Backgrounder Without in-house staffing to set up or manage their IT estates, many small-to-medium businesses (SMBs) have migrated to cloud-based business applications, email, messaging, file sharing, and file-storage services.
But don’t think, just because you’ve handed the keys of your IT estate to somebody else, your days spent having to think about the security of your software, applications, and data are gone. They aren’t. SMBs are very much still in the cross hairs of hackers, from phishing, social engineering, and advanced malware to attacks via product vulnerabilities. And running your tech in the cloud doesn't necessarily mean you're immune to all that now.
And don't forget there are steep costs in cleaning up an intrusion: Europe's General Data Protection Regulation (GDPR) that activated in May 2018 can put organizations on the hook for up to €20m or four percent of turnover – whichever is the greater – in the event of lost or stolen data. Either figure is enough to put a dent, or worse, into a typical SMB.
It therefore pays to remain vigilant, and know where the vulnerabilities in cloud-based software-as-a-service (SaaS) exist – and what you can do.
Welcome to the front door
The Cloud Security Alliance (CSA), a non-profit organisation that promotes best practice and security assurance within cloud services, has identified the primary security risks associated with hosting infrastructures. A top one is account login credentials used to access SaaS and that are susceptible to hackers who employ methods such as phishing to obtain credentials. In its 2019 Data Breach Investigations Report, Verizon noted a shift in focus among criminals adapting their tactics to hack cloud-based email services using stolen credentials.
Once in, an intruder is free to co-op the account and steal, edit, or delete account data at will (including such vital statistics as billing information). However, there is a secondary risk: once inside, an intruder can gain increasing levels of access to more critical systems – both cloud-hosted and on-premises. A compromised SaaS account can be hijacked to host malicious software that disguises itself to launch cyber-attacks on other systems. This type of “cloudjacking” has claimed some major victims in the last couple of years, including car maker Tesla. Elon Musk’s company was hit by hackers using a Kubernetes administrative console for cloud application management. They obtained AWS login details and established a cryptojacking operation based on the Stratum bitcoin mining protocol.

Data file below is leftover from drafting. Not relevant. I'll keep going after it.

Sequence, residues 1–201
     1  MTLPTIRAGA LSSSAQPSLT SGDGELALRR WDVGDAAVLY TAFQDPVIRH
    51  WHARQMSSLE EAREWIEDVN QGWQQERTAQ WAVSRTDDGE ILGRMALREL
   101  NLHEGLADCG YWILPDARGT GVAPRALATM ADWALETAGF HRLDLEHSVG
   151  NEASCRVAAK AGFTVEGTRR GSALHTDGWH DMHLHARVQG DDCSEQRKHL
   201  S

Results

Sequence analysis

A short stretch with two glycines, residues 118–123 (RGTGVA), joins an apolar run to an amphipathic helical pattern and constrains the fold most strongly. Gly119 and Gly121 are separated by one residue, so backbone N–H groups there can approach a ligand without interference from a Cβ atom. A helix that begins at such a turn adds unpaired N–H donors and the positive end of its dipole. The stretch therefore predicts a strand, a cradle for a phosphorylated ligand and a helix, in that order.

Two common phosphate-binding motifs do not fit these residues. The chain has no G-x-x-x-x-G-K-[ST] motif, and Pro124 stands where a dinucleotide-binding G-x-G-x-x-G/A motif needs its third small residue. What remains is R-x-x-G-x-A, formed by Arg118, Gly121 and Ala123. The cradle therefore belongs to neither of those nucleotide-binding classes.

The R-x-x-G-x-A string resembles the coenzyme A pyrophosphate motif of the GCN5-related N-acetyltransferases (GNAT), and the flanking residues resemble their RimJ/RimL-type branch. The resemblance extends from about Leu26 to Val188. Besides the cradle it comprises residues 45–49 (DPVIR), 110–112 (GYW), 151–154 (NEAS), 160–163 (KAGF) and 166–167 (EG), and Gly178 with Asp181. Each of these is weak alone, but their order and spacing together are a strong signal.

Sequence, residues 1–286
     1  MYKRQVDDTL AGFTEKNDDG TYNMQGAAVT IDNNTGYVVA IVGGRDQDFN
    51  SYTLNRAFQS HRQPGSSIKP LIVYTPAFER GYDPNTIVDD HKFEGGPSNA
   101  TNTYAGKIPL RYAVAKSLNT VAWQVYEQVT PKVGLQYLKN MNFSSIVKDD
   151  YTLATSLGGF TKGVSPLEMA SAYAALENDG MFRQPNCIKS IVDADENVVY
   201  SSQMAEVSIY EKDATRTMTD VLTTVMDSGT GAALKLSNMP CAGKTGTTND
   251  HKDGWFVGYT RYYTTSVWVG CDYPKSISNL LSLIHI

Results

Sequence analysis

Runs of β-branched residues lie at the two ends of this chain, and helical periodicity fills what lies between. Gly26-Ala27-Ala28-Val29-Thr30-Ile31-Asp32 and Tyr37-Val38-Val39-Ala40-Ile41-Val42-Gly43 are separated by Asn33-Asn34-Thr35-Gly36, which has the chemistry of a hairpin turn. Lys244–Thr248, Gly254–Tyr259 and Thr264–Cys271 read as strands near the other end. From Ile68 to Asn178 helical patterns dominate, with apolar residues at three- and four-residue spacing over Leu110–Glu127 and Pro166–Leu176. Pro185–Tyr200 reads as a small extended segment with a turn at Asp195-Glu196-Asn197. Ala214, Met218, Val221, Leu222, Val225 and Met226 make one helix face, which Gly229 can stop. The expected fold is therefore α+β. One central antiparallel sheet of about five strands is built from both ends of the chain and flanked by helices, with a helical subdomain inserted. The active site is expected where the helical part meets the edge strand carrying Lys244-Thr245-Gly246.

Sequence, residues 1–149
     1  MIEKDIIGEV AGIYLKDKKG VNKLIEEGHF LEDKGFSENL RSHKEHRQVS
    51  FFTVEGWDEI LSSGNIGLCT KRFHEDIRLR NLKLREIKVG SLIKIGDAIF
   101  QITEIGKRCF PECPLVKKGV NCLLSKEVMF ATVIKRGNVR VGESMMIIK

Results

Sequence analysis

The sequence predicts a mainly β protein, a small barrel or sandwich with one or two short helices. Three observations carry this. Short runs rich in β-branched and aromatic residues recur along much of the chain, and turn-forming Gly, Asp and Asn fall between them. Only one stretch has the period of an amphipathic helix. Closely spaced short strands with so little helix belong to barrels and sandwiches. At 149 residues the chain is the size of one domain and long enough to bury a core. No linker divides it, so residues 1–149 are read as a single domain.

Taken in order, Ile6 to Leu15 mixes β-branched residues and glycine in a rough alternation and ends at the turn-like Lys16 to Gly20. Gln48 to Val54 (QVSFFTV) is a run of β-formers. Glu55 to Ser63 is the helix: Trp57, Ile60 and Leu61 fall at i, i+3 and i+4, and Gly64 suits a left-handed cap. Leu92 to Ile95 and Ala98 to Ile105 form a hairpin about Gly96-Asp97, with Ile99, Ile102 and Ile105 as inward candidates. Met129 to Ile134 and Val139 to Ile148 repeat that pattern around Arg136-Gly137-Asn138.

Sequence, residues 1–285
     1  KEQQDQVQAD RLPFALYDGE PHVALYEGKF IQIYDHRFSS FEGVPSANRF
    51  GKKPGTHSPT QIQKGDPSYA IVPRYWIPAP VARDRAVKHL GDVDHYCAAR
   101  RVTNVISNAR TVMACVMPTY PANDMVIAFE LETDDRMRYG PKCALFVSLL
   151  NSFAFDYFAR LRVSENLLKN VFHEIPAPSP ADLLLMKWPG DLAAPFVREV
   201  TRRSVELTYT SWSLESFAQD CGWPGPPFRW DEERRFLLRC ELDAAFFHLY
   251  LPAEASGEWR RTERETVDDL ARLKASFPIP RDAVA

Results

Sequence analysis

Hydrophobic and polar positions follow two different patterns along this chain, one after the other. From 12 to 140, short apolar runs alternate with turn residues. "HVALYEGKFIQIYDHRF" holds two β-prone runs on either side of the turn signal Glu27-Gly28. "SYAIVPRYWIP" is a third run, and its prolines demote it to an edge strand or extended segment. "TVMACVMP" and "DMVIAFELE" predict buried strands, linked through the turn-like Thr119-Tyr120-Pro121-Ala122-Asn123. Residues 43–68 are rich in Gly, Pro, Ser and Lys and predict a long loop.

Additional weak points, according to the CSA, are external user interfaces and APIs, such as RESTful APIs deliberately exposed by the service provider for the benefit of developers and third parties and that should be protected but sometimes aren’t. Salesforce in 2018 revealed the existence of a vulnerability affecting customers using its Market Cloud Email Studio and Predictive Intelligence services had been caused by an API error.
One of the mantras coming from the cloud community is security – that they are the experts in data centres and service provisioning, who can secure their systems better than mere mortals. But events have proved they are as human as the rest of us. Malware has historically targeted servers, but recent years have seen attackers target system-level components, with variants like Meltdown, Spectre, and Foreshadow exploiting vulnerabilities in the same server CPUs and virtual machines (VMs) used by cloud providers as everybody else.
Analyst Canalys noted in 2018 how cloud-service providers were quick to reassure customers over the reliably of their services in the wake of Meltdown, but were also likely to try to reduce their reliance on Intel’s Xeon processors that were susceptible to attack so as to avoid becoming exposed in the future. Containers are also proving a risk. A vulnerability discovered in the runC runtime that’s the basis of Docker and other container engines lets hackers’ code break out of the container’s sandbox and gain root access to the host server.
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Human error is another problem, and it manifests itself in various ways. For instance, in the failure to patch known software and system vulnerabilities. A Ponemon Institute study [PDF] of 3,000 IT pros on behalf of ServiceNow found half of organisations were hit by one or more data breaches in the last two years. The rub is that 34 per cent say they knew their systems were vulnerable prior to attack, and 57 per cent were breached using a known but unpatched vulnerability.